The Robert Zimmerman LP

Eminem is the new Dylan.

No, I don't mean that he'll be to popular music in this decade what Dylan was to music in the 60s. No one could; the cultural economy of "popular music" has changed in ways that fairly effectively bar a repeat performance.

Nor do I think that Eminem is Dylan's musical heir. Trying to trace a line of influences from the one to the other is an exercise in radical attenuation.

Instead, I'd like to suggest that Eminem has latched on to Dylan's personality: he may well be the best modern exemplar of the Trickster figure that Dylan embodied back when, well, back when he was still Dylan.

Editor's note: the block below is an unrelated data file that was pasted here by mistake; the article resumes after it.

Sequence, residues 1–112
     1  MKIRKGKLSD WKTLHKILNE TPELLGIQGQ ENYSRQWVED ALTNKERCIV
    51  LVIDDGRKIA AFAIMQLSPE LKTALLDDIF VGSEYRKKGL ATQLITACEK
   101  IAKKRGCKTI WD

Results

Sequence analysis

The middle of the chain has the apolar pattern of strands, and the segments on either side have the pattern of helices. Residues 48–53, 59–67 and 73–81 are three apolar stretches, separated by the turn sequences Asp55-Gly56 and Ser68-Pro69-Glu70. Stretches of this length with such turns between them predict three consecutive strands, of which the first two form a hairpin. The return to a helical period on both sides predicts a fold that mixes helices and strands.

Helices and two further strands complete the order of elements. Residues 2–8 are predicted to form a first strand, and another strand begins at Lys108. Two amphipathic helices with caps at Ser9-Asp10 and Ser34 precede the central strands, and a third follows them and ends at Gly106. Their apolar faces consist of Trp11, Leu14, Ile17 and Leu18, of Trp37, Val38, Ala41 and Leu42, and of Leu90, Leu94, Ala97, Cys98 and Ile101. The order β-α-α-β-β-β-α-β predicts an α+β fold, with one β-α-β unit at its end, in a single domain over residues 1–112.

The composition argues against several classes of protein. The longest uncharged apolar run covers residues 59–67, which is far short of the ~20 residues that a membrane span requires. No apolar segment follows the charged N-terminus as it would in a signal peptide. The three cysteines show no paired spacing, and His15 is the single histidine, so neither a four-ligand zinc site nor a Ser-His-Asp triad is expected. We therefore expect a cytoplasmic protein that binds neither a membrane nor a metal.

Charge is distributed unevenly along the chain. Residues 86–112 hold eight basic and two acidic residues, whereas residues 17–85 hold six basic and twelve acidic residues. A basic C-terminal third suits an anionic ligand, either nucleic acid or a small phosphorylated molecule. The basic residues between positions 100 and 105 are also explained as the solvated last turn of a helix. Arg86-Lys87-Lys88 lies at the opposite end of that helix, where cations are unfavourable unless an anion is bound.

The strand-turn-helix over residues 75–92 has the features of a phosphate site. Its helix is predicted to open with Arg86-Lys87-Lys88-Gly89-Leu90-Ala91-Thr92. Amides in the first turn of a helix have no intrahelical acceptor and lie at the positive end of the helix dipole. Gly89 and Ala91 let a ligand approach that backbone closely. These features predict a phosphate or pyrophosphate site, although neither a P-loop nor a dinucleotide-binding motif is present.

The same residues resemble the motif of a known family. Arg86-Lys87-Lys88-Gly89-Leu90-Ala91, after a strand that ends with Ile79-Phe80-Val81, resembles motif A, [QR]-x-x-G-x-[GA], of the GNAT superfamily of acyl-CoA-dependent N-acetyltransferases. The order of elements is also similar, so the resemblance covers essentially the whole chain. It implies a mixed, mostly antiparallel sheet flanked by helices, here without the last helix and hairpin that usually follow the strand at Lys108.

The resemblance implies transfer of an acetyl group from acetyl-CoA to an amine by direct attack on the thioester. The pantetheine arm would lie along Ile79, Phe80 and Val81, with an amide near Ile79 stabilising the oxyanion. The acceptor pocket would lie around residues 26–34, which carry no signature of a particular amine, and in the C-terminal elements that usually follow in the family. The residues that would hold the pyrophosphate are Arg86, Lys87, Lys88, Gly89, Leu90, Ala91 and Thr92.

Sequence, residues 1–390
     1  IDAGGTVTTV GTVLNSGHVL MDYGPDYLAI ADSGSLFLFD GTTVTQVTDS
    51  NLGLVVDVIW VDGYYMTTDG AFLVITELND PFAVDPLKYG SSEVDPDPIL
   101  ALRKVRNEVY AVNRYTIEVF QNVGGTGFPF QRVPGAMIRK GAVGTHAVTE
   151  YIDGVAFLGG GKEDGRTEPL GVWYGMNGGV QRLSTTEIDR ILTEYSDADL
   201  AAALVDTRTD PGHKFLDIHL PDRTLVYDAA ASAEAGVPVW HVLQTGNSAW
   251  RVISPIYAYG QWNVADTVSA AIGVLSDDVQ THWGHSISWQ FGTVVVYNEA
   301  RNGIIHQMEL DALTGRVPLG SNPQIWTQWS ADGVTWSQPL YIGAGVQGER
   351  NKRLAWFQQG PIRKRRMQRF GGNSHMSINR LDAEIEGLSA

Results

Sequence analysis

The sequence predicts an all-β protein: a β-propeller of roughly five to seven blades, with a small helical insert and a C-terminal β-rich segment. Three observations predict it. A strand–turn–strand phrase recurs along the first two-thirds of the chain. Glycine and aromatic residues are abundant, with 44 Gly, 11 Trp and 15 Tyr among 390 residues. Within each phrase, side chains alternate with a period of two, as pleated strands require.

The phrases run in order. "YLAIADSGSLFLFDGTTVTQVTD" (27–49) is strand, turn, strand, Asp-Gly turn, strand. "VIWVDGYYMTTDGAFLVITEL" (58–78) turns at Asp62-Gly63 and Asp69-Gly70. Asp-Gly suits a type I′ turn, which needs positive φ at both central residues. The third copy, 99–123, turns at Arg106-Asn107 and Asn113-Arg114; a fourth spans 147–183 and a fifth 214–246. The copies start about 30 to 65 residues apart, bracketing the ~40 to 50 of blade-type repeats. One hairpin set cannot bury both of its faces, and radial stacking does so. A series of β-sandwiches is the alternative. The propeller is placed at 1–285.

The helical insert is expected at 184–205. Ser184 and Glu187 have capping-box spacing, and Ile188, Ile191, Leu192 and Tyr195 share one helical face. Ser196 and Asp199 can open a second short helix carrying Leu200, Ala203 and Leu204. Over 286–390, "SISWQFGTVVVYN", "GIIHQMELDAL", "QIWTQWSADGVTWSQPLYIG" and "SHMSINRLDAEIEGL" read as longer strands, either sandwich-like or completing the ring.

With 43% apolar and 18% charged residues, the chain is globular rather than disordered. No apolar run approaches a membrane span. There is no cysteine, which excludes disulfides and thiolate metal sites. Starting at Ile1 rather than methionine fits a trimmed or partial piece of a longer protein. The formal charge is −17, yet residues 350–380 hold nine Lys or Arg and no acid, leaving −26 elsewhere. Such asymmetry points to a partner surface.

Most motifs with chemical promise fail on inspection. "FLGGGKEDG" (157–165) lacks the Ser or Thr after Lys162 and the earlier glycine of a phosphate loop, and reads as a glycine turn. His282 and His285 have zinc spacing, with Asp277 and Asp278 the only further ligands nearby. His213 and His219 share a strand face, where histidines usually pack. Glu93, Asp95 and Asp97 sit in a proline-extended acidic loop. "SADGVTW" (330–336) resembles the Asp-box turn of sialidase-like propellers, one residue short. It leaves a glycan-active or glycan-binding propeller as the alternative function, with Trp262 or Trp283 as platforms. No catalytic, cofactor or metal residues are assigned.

Eminem is -- as was Dylan in his day -- a lyrical prodigy who is nonetheless jaw-droppingly inarticulate when not actually performing. He has Dylan's dismissive sneer, Dylan's corrosive cynicism, Dylan's casual, pervasive misogyny. Dylan has always had a talent for mockery, for turning the character flaws of others into art ("Like a Rolling Stone," anyone?); this talent has sometimes seemed inseparable from his ability to befoul the lives of those who make the mistake of loving him.

Would the original Slim Shady please stand up?